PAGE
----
|Figure 8. Number of pyroclastic flows and rock avalanches recorded at the flank seismic station 3 km from the summit. Counted events had amplitudes larger than 5 mm on that seismometer's record.|
|Figure 9. Pyroclastic flow, 19 April at 1411, photographed by Juergen Kienle from 3 km N of the summit.|
|Figure 10. Cross-section showing depths of local earthquakes 27 March-April. Plot by Charlotte Rowe.|
"A seismic curiosity: On 28-29 April and 3-6 May, we recorded thousands of small earthquakes with nearly identical wave forms and magnitudes. Scaling of the time interval between events for a 15-minute period showed a periodicity of 12 ± 2 seconds (77 events). Figure 11 is a digital playback for 3 individual events showing their great similarity. The events occur at the central conduit of the volcano at ~750 m elevation (near station AUH). We speculate that they are produced by meltwater contacting the central glowing conduit and flashing the water rhythmically to steam. On 6 May, Tom Miller thought that he could see puffing of the eruption column in spite of the strong winds that drove the plume down to the shore. He also noted that new snow had fallen and was melting.
|Figure 11. Three nearly identical wavetrains of rhythmic events recorded on 5 May at a seismic station less than 1 km NW of the summit.|
Dome growth. "The 1976 dome was never cleared out in any individual explosion, but was slowly transformed into a new dome by magma intrusions and extrusions starting 31 March. As of 6 May its height was 460 m with a base diameter of 400 m and a volume of about 0.06 km3 (figure 12). Its surface was blocky and spiny. An active vent was located in the SSW corner of the crater, a source of numerous boil-over pyroclastic flows. Slabs of glowing rock frequently spilled off the N face of the dome as seen by Kienle on 28 April.
Chemistry. Five XRF chemical analyses of 1986 ejecta are listed in table 3. The bulk chemistry shows an interesting trend toward less silicic magma as the eruption proceeded. Ballistic bombs collected on 19 April on the S flank (near Bench Mark Kamishaki sample 3) and a breadcrust block (sample 4) collected from the NE lobe of the pyroclastic flows are believed to have been ejected on 31 March. They are very similar in chemistry, showing about 62% SiO2 content. In contrast, the new dome rock collected on 28 April by Tom Miller shows a more basic bulk chemistry with an SiO2 content of about 60%, suggesting the tapping of deeper levels in the magma chamber (less than 2 km deep, based on the seismic data). The high SiO2 content (64.5% and 65.6%) of the distal tephras from the 28 and 31 March eruptions probably reflect aeolian fractionation.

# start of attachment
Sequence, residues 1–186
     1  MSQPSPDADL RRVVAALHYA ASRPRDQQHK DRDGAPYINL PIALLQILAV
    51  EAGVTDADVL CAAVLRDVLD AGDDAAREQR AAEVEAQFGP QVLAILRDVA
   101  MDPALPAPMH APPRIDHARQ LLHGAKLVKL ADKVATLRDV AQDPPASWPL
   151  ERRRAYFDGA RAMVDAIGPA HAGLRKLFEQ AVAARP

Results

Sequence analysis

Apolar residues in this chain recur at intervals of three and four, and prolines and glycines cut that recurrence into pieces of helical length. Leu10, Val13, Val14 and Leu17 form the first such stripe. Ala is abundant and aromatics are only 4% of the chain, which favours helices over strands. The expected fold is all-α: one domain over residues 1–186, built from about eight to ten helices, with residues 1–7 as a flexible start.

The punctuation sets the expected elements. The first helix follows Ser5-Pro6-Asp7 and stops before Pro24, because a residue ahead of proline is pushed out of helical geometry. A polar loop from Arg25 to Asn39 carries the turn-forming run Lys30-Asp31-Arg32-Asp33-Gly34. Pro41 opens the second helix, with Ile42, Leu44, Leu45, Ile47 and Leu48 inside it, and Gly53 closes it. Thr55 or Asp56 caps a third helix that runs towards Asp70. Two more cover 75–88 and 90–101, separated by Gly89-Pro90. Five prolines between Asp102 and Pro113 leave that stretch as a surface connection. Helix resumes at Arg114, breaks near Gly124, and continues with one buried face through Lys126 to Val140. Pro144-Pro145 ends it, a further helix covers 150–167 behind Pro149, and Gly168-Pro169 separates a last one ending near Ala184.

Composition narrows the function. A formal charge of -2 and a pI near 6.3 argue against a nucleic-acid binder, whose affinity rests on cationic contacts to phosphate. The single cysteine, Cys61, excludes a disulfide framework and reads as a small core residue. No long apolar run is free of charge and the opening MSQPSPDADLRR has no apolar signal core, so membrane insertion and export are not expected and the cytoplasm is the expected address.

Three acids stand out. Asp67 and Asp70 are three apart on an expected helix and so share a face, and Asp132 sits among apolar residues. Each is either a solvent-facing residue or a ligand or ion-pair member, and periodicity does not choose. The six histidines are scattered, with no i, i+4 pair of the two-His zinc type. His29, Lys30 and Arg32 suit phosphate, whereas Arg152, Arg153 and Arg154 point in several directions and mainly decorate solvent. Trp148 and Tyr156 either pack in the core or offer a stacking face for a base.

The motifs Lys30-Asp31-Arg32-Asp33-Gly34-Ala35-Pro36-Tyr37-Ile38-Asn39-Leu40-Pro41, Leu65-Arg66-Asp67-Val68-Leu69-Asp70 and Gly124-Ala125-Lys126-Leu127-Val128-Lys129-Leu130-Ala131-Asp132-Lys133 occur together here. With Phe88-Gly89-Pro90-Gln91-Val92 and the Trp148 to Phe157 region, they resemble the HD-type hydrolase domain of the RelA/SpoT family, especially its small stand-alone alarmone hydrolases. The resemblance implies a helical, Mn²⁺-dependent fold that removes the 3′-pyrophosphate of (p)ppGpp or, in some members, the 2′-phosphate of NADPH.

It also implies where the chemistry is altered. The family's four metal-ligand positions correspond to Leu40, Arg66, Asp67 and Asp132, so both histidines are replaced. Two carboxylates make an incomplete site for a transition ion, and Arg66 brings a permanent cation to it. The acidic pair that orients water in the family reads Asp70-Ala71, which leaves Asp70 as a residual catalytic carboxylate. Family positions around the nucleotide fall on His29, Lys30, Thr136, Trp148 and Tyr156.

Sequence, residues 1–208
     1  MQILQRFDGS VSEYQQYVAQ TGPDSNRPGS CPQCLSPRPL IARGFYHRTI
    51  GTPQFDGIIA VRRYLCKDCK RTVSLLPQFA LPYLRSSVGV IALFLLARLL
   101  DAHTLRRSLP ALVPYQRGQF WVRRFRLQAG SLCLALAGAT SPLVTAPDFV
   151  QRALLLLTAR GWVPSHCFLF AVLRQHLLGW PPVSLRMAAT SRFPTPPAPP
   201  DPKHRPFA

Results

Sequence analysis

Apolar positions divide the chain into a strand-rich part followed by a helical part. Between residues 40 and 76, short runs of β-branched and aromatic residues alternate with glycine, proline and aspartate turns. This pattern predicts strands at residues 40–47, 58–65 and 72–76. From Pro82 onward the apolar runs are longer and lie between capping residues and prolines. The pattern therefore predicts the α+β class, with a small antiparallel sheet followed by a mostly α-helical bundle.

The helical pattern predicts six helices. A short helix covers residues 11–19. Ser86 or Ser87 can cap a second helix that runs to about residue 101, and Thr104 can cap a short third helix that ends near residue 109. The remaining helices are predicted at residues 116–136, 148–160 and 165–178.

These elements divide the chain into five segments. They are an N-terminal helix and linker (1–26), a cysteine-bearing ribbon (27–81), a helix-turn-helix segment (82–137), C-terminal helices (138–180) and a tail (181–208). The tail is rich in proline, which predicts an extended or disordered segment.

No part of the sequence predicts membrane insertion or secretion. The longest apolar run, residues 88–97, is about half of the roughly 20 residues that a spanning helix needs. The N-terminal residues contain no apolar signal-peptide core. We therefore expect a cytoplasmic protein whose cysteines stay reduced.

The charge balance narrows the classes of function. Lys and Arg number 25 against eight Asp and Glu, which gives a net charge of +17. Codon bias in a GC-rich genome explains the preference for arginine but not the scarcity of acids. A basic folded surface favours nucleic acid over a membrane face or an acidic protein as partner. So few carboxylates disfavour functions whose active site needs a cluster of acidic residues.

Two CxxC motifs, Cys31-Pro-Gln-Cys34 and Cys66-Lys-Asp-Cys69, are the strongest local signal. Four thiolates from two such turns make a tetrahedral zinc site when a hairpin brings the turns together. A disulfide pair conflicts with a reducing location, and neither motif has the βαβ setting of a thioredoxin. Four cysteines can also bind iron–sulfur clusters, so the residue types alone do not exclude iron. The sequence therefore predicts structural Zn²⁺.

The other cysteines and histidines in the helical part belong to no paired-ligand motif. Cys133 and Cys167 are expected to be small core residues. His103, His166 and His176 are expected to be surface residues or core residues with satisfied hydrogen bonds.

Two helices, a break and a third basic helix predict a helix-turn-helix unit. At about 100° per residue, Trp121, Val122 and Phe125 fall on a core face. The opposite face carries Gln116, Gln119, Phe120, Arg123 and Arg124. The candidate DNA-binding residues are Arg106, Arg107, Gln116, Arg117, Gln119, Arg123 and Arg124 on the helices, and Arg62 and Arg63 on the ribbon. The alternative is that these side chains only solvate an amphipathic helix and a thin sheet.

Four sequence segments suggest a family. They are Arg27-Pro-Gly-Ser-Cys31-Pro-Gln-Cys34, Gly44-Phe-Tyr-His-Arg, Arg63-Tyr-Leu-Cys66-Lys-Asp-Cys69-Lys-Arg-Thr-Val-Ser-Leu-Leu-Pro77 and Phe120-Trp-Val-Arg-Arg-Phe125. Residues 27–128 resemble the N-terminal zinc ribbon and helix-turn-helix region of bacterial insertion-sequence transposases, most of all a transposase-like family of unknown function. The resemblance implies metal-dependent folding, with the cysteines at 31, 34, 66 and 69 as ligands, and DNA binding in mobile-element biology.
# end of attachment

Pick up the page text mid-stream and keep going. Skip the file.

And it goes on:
Summary. The 1986 eruption of Augustine has thus far followed a quite different course from the 1976 eruption, which began with a violent vent-clearing phase, followed by a 14-day repose, in turn followed by intrusion of a new dome. During the present eruption, a vent-clearing phase never occurred. The pre-existing dome was slowly transformed into a new dome. March 31 was the only day of substantial production of highly vesiculated magma, ejected as large blocks on all flanks of the volcano but predominantly as pyroclastic flows down the N flank. There are no sub-plinian pumice fall deposits on the island. A pathway for the vesiculating material was probably eroded out of the pre-existing conduit (the 1976 dome) on 31 March. This open conduit continues to produce occasional small-volume pyroclastic flows and was the source of the peculiar "percolator-like" seismicity described above, as meltwater interacted with new hot conduit rock. The most remarkable feature of the 1986 eruption thus far is how well lithostatic pressure has confined the eruption, which was never particularly violent in spite of the fact that the beginning phase shows clear evidence of phreato-magmatic processes due to the interaction of ground water near sea level with the rising magma. If any of the pre-existing structures (1935 dome, 1964 dome, or 1976 dome) had collapsed catastrophically, the unloading would have very likely produced much more violent activity."
Geologic Background. Augustine volcano, rising above Kamishak Bay in the southern Cook Inlet about 290 km SW of Anchorage, is the most active volcano of the eastern Aleutian arc. It consists of a complex of overlapping summit lava domes surrounded by an apron of volcaniclastic debris that descends to the sea on all sides. Few lava flows are exposed; the flanks consist mainly of debris-avalanche and pyroclastic-flow deposits formed by repeated collapse and regrowth of the volcano's summit. The latest episode of edifice collapse occurred during Augustine's largest historical eruption in 1883; subsequent dome growth has restored the volcano to a height comparable to that prior to 1883. The oldest dated volcanic rocks on Augustine are more than 40,000 years old. At least 11 large debris avalanches have reached the sea during the past 1800-2000 years, and five major pumiceous tephras have been erupted during this interval. Historical eruptions have typically consisted of explosive activity with emplacement of pumiceous pyroclastic-flow deposits followed by lava dome extrusion with associated block-and-ash flows.
Information Contacts: J. Kienle, C. Rowe, J. Power, and L. Gedney, Geophysical Institute, University of Alaska, Fairbanks; C. Nye and J. Davies, Alaska Division of Geological and Geophysical Surveys, Fairbanks; M.E. Yount and Tom Miller, Branch of Alaskan Geology, USGS Anchorage.